At home, families sit together, texting and reading e-mail. At work executives text during board meetings. We text (and shop and go on Facebook) during classes and when we’re on dates. My students tell me about an important new skill: it involves maintaining eye contact with someone while you text someone else; it’s hard, but it can be done....Toward the end, she takes a completely different tack. It's not that we don't do live conversation, it's that we don't know how to be alone:
[I]n our rush to connect, we flee from solitude, our ability to be separate and gather ourselves. Lacking the capacity for solitude, we turn to other people but don’t experience them as they are. It is as though we use them, need them as spare parts to support our increasingly fragile selves.If you don't need people to be really here to be with them, then you don't ever have to be alone. Almost everyone now has — without particularly trying — become the kind of person who would say things like I'm never alone when I have a book, and that used to be an oddball, a possibly admirable oddball, or an genuinely admirable intellectual. But now that it's everybody, it's a problem. Everyone's reading and writing all the time.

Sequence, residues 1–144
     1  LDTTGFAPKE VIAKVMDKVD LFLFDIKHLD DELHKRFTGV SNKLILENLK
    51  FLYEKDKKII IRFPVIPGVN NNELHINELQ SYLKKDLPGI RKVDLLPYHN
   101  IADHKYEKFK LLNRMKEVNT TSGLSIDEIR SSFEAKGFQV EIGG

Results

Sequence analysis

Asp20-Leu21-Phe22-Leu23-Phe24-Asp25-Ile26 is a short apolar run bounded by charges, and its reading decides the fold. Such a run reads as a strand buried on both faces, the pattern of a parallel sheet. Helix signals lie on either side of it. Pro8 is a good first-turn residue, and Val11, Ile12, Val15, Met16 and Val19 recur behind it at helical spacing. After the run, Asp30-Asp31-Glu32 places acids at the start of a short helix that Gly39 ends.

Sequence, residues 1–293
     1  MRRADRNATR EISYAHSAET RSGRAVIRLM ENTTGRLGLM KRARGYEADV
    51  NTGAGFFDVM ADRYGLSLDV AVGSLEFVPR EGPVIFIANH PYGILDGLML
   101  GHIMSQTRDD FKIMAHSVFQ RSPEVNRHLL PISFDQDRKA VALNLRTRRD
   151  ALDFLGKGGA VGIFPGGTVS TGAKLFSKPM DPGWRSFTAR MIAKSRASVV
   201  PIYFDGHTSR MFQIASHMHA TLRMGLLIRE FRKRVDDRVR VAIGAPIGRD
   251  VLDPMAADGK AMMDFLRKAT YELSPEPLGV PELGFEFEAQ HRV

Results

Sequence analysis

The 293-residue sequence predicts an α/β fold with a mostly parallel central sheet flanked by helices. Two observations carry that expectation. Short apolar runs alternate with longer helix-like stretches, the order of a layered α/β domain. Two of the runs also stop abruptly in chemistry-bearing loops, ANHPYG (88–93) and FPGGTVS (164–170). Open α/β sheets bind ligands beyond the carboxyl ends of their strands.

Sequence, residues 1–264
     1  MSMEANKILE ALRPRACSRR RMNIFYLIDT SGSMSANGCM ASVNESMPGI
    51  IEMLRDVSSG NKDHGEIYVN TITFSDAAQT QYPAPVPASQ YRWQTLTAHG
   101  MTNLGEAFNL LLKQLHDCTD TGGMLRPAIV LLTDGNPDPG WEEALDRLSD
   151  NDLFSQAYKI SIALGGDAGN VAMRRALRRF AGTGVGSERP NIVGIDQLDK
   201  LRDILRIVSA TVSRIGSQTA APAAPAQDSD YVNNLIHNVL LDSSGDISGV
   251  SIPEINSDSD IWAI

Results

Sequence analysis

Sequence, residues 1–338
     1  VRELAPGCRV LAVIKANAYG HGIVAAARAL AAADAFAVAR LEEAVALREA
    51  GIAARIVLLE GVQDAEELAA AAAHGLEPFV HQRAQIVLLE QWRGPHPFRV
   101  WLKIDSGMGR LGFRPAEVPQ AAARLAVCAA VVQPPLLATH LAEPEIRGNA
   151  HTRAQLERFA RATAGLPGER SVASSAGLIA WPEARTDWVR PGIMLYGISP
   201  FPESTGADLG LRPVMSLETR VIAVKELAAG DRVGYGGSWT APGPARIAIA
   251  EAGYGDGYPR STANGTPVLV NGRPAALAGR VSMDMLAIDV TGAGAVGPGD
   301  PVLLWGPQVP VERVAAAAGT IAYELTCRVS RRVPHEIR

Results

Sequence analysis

We think constant connection will make us feel less lonely. The opposite is true. If we are unable to be alone, we are far more likely to be lonely.